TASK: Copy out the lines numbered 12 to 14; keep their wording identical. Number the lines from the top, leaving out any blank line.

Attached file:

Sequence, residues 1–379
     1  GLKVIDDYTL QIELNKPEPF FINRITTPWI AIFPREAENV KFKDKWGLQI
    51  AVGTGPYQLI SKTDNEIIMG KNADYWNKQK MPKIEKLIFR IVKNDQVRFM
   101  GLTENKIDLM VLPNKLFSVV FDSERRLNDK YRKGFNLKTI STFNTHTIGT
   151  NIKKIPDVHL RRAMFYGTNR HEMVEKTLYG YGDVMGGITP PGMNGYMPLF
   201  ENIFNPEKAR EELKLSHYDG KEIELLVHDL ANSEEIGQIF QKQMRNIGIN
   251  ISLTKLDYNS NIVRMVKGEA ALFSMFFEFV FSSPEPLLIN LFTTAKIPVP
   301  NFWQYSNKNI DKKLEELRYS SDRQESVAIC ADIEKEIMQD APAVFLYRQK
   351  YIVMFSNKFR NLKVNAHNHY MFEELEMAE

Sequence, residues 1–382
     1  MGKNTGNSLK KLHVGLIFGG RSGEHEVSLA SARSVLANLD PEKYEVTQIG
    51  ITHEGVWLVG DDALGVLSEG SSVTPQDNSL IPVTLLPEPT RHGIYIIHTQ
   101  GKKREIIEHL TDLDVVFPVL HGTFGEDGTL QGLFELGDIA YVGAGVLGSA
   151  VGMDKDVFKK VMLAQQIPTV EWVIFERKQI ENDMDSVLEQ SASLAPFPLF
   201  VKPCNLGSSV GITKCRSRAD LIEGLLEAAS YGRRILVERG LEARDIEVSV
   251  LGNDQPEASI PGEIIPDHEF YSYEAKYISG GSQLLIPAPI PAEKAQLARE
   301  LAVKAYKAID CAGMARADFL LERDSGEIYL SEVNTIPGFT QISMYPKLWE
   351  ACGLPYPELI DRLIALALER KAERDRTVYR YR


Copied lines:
    51  ITHEGVWLVG DDALGVLSEG SSVTPQDNSL IPVTLLPEPT RHGIYIIHTQ
   101  GKKREIIEHL TDLDVVFPVL HGTFGEDGTL QGLFELGDIA YVGAGVLGSA
   151  VGMDKDVFKK VMLAQQIPTV EWVIFERKQI ENDMDSVLEQ SASLAPFPLF